Guide to the Report

The format and content of this volume reflects the requirements developed by the Department of the Prime Minister and Cabinet and approved by the Joint Committee of Public Accounts and Audit in June 2009 under subsections 63(2) and 70(2) of the Public Service Act 1999.

This report addresses the Department of Defence and the Australian Defence Force (ADF), which are collectively referred to as ‘Defence’. Volume 2 of this report addresses the Defence Materiel Organisation as a prescribed agency. The Department of Veterans’ Affairs and Defence Housing Australia, which are parts of the Defence Portfolio, have separate annual reports. The Australian Strategic Policy Institute, funded substantially by Defence, is a Government-owned company incorporated under the Corporations Act 2001 and has a separate annual report.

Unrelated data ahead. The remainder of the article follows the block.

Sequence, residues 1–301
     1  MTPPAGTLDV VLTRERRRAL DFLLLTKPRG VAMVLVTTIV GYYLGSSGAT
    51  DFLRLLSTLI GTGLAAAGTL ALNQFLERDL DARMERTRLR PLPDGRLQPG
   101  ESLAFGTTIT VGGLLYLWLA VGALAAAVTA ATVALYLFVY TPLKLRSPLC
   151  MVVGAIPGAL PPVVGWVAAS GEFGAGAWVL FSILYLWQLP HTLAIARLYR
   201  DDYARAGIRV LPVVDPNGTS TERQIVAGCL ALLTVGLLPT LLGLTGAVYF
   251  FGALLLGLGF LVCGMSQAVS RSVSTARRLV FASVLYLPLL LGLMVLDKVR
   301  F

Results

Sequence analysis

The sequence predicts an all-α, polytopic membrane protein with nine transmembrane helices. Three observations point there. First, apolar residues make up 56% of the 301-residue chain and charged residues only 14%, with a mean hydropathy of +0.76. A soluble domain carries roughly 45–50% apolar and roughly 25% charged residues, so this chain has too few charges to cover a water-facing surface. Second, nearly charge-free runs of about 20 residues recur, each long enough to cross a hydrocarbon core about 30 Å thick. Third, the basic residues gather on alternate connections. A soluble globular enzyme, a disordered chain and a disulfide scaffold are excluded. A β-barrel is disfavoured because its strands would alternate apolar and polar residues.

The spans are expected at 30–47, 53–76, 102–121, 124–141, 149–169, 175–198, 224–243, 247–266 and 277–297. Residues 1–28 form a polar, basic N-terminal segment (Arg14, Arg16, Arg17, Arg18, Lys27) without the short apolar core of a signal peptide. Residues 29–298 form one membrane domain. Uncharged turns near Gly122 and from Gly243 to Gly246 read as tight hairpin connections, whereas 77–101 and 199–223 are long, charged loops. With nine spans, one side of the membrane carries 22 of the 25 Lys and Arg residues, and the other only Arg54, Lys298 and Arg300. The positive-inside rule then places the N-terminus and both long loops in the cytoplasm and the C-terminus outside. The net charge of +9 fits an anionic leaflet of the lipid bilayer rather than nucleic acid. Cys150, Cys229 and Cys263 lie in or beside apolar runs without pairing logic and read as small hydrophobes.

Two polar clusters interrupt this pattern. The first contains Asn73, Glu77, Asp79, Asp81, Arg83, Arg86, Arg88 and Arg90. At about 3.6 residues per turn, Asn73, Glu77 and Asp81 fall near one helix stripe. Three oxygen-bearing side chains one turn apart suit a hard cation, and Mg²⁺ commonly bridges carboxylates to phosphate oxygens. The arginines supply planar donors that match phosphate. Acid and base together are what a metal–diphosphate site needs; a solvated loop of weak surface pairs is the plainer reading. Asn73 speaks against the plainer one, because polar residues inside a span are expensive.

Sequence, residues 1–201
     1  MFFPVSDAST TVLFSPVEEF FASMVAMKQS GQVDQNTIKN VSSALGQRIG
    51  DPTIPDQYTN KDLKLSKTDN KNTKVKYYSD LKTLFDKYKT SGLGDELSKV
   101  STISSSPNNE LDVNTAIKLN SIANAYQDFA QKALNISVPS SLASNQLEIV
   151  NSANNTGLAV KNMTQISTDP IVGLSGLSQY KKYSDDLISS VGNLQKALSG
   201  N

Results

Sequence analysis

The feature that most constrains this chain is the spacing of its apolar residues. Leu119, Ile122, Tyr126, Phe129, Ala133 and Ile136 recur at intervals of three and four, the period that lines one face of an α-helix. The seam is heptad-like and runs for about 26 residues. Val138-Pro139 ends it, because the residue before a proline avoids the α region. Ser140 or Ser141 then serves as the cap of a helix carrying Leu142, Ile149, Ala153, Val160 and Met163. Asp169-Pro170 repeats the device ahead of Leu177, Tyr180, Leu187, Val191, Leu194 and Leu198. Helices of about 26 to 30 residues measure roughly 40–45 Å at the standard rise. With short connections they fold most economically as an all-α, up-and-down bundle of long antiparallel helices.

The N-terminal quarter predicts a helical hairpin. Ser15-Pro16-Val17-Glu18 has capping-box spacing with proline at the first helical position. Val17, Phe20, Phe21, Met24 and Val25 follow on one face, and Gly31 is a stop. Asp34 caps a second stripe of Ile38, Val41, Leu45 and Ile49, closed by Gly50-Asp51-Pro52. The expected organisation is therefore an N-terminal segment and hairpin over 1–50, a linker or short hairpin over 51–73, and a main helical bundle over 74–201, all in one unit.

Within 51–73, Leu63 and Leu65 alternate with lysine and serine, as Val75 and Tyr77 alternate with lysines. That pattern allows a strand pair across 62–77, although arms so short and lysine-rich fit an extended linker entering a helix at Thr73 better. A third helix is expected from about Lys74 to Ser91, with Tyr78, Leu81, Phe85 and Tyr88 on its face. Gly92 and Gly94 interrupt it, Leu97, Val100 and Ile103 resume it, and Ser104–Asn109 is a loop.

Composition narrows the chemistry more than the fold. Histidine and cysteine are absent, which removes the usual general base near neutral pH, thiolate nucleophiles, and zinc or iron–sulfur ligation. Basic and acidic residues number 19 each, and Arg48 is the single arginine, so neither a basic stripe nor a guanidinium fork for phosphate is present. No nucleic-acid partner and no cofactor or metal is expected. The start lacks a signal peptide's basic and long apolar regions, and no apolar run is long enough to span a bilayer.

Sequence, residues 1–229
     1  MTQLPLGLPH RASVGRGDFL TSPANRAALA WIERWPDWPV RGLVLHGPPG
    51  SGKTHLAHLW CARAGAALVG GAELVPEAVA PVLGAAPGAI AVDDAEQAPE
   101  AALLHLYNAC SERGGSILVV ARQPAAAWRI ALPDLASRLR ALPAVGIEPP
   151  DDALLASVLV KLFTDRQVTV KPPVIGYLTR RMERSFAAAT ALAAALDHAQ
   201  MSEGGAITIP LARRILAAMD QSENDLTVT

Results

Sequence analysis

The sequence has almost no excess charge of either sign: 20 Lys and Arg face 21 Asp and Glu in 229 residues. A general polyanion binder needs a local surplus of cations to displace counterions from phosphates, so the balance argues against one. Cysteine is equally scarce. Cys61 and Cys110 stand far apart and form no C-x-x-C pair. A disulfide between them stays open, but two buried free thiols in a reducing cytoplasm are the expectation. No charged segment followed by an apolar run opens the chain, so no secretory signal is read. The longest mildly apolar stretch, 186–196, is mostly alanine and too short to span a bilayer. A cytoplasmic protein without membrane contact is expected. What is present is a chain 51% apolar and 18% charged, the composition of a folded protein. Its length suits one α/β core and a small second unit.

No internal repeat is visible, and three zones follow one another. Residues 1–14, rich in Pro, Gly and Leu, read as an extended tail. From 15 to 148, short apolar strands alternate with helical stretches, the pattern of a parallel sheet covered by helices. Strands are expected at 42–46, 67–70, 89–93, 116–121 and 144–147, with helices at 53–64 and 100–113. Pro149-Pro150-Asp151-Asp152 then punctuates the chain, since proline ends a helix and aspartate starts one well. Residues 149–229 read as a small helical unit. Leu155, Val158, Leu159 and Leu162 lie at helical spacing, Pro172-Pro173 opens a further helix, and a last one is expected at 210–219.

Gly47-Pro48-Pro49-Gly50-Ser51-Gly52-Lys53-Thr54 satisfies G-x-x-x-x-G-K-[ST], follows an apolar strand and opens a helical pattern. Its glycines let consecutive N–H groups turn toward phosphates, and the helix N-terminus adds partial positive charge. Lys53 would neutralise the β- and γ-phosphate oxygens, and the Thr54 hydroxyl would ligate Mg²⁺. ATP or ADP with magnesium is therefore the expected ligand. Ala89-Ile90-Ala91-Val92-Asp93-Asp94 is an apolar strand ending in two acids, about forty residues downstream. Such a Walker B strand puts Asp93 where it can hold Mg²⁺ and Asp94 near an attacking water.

Annual reports, portfolio budget and additional estimates statements are the principal formal accountability mechanisms between the Government, departments and the Parliament. Portfolio budget statements set out performance targets for departmental outputs. Portfolio additional estimates statements may contain revised targets and annual reports describe achievement against the revised targets.

In addition, Defence’s annual reports are designed to link performance during the year under review with performance forecasts contained in the portfolio budget statements for the following year.

Change to report structure

In 2008-09, Defence’s Outcome reporting structure changed significantly as promulgated in the Portfolio Budget Statements 2008-09. As a consequence of this, the annual report has been restructured to take advantage of the improved transparency offered by the more defined linkages between organisational outputs and accountable Groups and Services.

Style Conventions

The following style conventions are used in the report:

not applicable (unless otherwise specified)
$ million
$ billion

Figures in tables and in the text may be rounded. Figures in text are generally rounded to one decimal place, whereas figures in tables are generally rounded to the nearest thousand or million. Discrepancies in tables between totals and sums of components are due to rounding.